August 10, 2004
Has the crime crisis on the East Coast concluded?
Most would agree that the worst may be over but the murder of Gregory Adams at the start of this month suggests that some diehards are still settling scores and that old wounds have not healed.
True, the days when motorcars and minibuses could be stopped and their passengers robbed or beaten or worse; when armed gangs made sorties nightly into neighbouring villages; when shooting made the public road impassable; when the police never dared to set foot south of Buxton-Friendship's embankment road; and when daily headlines reported some new atrocity, seem to have ended.
There is little doubt that the attempt by the authorities at a 'final solution' to the crime crisis by the physical extermination of the hard core of violent criminal terrorists was largely responsible for restoring some semblance or normalcy in a zone notorious and dangerous in the extreme.
There should be concern, however, that the root causes of the criminal violence seem not to have been thoroughly investigated or understood. Many questions remain to be answered. What were the pre-existing conditions in Buxton-Friendship and what were the attitudes among the residents that tolerated crime for such a long period? What social, ethnic, economic or political forces propelled the perpetrators of these horrible crimes? What residual effect has violence had on the community and its environs? What pictures are imprinted in the minds and memories of the children who witnessed armed terrorists doing their grisly work?
It is not unreasonable to expect that, at the end of hostilities, there would have been some rigorous investigation followed by rehabilitation and amelioration. At the levels of the local government - the Region 4 RDC and the Buxton-Foulis NDC - and the central government and its Ministry of Home Affairs and security forces, should not answers have been sought to the serious questions which the people of that community and of this country have been asking?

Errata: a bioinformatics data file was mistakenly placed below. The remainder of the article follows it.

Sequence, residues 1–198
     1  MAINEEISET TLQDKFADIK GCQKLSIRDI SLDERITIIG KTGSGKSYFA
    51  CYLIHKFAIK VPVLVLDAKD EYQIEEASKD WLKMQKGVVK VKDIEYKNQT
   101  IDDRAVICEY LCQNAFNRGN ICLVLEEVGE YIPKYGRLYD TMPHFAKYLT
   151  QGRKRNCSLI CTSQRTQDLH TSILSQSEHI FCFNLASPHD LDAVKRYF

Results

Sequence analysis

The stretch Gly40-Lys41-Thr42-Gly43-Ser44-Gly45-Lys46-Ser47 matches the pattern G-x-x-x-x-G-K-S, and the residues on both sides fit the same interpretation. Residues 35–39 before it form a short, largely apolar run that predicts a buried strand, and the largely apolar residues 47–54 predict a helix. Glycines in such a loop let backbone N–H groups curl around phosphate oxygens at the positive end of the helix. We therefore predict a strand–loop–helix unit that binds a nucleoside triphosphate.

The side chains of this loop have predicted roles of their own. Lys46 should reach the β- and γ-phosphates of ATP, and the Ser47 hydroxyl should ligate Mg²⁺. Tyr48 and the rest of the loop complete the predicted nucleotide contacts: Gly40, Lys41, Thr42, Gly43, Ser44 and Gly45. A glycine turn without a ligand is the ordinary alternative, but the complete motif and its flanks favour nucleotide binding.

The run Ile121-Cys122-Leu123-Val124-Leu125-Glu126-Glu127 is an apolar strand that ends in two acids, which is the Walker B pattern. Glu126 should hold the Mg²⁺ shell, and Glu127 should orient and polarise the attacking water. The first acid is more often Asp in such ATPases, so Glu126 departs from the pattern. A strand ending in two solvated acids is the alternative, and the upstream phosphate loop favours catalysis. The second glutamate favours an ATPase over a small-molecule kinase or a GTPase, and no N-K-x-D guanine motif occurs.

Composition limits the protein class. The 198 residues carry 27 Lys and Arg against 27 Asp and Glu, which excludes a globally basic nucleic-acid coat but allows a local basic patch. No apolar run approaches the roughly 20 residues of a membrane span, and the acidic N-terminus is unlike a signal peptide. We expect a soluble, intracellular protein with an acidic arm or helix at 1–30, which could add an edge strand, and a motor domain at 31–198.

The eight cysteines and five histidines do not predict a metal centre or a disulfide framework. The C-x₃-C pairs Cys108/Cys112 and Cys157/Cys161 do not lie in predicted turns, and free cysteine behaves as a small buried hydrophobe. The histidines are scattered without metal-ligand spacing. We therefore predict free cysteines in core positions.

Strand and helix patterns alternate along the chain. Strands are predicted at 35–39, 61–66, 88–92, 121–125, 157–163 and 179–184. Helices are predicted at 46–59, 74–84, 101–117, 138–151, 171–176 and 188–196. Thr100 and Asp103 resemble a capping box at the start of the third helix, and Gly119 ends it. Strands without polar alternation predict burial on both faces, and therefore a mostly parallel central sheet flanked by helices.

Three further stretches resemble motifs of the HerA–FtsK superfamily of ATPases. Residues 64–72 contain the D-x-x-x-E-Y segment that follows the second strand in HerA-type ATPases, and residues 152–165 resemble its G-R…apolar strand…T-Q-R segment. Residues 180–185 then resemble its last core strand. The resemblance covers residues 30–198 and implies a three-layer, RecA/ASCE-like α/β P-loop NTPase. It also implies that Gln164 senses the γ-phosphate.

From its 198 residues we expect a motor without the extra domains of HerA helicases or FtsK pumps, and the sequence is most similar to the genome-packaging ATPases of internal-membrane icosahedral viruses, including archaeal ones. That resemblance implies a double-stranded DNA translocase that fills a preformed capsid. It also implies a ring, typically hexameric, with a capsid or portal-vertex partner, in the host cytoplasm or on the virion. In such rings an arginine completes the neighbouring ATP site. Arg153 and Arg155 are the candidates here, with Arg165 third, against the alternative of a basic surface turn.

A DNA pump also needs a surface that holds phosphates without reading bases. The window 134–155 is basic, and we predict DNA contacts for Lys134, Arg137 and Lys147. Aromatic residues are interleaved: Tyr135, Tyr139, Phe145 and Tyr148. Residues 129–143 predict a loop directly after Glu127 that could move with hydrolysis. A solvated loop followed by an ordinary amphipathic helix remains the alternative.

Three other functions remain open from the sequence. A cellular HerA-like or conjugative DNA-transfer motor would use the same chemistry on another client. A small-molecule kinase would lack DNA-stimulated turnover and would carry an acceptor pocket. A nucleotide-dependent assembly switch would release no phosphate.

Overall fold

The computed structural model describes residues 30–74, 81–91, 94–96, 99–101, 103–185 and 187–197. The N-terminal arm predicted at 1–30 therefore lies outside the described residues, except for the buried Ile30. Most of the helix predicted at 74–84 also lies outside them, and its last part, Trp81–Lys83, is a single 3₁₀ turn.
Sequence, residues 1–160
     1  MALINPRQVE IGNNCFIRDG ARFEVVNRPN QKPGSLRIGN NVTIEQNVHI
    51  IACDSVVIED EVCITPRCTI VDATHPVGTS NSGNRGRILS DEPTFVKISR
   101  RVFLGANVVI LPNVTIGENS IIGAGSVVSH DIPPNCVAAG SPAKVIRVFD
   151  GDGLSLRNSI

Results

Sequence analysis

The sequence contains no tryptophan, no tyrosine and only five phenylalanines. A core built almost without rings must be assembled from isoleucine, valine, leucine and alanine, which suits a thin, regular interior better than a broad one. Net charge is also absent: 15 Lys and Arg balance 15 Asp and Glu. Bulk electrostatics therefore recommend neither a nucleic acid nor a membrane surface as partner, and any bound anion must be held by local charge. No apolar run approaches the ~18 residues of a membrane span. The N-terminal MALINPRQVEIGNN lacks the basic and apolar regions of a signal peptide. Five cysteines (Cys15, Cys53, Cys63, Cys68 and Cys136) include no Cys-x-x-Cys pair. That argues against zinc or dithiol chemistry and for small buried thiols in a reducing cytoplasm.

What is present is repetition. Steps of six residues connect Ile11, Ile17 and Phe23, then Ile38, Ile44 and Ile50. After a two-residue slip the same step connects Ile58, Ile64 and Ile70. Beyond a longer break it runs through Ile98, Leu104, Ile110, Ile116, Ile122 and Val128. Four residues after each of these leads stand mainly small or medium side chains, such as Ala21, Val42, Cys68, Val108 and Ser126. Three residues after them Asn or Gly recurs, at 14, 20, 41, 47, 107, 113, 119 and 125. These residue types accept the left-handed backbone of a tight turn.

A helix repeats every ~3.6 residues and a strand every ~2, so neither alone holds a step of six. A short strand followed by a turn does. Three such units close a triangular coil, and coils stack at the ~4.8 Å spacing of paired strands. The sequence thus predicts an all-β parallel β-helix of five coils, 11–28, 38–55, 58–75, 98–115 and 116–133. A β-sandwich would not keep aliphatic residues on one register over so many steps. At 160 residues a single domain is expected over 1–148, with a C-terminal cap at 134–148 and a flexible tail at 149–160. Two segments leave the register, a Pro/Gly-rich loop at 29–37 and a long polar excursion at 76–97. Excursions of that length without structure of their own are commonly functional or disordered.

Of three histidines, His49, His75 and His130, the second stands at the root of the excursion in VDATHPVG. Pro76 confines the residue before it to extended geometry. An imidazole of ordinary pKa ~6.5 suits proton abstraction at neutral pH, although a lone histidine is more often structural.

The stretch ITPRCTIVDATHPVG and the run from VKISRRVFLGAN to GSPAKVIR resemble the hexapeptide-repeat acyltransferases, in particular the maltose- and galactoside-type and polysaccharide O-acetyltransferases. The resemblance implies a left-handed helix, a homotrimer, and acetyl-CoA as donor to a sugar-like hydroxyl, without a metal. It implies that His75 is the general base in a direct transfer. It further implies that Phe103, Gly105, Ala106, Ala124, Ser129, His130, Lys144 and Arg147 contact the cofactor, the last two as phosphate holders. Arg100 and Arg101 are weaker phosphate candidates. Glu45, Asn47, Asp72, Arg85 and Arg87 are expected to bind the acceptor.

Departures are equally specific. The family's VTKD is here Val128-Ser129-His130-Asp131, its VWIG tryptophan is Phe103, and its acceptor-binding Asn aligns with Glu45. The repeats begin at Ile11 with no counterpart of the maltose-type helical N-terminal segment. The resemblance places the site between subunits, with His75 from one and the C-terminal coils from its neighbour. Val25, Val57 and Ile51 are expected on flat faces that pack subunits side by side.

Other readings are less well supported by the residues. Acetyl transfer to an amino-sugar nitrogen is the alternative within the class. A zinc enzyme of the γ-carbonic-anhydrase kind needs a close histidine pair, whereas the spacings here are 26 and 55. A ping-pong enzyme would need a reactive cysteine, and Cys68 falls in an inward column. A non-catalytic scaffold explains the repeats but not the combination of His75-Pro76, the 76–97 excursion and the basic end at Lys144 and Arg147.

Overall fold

There has been little of this. The Regional Administration, never very energetic even in normal times, has hardly been over-active in repairing damaged relations in the community. There has been little action by the Central Government, also, to either create a more sturdy security structure to prevent another outbreak or to detect the symptoms of new trouble. The inevitable result is that criminals can still settle old scores and search for soft targets such as isolated vehicles during silent hours to pounce on unsuspecting victims and to repeat some of the crimes typical of the crisis.
This sort of low-intensity criminal violence could continue indefinitely unless there is some plan to stabilise the once volatile Buxton-Friendship battlefield. Serious crimes have been committed; lethal weapons have been employed; some persons have disappeared, presumed murdered and perhaps buried; violent criminals may still be on the loose; and, worse still, crimes continue.
The public would like to be assured that the community has been disarmed. Persons suspected of having been involved in criminal activity must be made to answer charges. The remains of those who might have disappeared must be retrieved.
Given the scale and duration of the violence, many guilty persons other than those who have been killed might have been accessories to crimes. There must have been many innocent persons, particularly children in and out of the community, who were traumatised by the terrorism.
The memories of murders, robberies and arson cannot simply disappear. The Administration must launch some sort of stabilisation operation to bring this painful episode of criminal violence to a satisfactory closure.